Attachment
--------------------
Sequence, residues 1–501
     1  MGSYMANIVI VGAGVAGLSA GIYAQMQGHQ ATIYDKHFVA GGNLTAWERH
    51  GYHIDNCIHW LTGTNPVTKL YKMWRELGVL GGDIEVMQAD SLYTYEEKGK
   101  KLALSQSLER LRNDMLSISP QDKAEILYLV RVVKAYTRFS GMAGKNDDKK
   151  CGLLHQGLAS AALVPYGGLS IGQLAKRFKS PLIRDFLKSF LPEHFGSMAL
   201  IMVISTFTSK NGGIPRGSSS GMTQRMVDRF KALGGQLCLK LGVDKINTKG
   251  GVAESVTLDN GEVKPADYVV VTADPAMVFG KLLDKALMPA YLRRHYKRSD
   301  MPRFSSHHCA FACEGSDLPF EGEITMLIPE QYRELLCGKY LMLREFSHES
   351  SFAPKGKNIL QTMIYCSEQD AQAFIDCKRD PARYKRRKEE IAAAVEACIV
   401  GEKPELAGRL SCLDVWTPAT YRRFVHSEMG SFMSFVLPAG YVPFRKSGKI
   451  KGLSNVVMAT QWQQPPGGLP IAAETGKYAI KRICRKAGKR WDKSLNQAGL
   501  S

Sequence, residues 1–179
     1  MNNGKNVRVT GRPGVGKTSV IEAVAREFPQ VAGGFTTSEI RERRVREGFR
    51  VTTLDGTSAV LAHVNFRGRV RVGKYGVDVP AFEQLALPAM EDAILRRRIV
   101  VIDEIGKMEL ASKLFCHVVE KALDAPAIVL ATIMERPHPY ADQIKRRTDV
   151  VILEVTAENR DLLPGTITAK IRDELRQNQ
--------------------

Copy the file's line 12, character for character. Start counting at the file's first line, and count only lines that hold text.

   501  S